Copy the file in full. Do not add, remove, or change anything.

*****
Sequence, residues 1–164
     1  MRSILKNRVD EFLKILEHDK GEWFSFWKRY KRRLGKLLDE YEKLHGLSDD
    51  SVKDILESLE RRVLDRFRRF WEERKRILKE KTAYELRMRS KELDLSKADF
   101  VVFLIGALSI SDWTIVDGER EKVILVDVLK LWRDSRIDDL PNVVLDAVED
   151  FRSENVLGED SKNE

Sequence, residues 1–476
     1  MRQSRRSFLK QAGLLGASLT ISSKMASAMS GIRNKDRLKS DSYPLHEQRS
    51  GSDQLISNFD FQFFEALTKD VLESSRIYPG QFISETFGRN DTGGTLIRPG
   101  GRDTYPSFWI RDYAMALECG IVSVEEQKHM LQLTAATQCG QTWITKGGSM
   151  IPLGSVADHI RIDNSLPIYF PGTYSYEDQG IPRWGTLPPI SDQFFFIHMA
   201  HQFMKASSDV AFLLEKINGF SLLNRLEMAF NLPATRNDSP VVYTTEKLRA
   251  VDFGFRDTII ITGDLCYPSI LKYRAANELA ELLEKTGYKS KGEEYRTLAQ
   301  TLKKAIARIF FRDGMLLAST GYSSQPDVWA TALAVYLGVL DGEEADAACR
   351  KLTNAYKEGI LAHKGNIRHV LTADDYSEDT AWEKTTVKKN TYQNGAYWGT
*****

Sequence, residues 1–164
     1  MRSILKNRVD EFLKILEHDK GEWFSFWKRY KRRLGKLLDE YEKLHGLSDD
    51  SVKDILESLE RRVLDRFRRF WEERKRILKE KTAYELRMRS KELDLSKADF
   101  VVFLIGALSI SDWTIVDGER EKVILVDVLK LWRDSRIDDL PNVVLDAVED
   151  FRSENVLGED SKNE

Sequence, residues 1–476
     1  MRQSRRSFLK QAGLLGASLT ISSKMASAMS GIRNKDRLKS DSYPLHEQRS
    51  GSDQLISNFD FQFFEALTKD VLESSRIYPG QFISETFGRN DTGGTLIRPG
   101  GRDTYPSFWI RDYAMALECG IVSVEEQKHM LQLTAATQCG QTWITKGGSM
   151  IPLGSVADHI RIDNSLPIYF PGTYSYEDQG IPRWGTLPPI SDQFFFIHMA
   201  HQFMKASSDV AFLLEKINGF SLLNRLEMAF NLPATRNDSP VVYTTEKLRA
   251  VDFGFRDTII ITGDLCYPSI LKYRAANELA ELLEKTGYKS KGEEYRTLAQ
   301  TLKKAIARIF FRDGMLLAST GYSSQPDVWA TALAVYLGVL DGEEADAACR
   351  KLTNAYKEGI LAHKGNIRHV LTADDYSEDT AWEKTTVKKN TYQNGAYWGT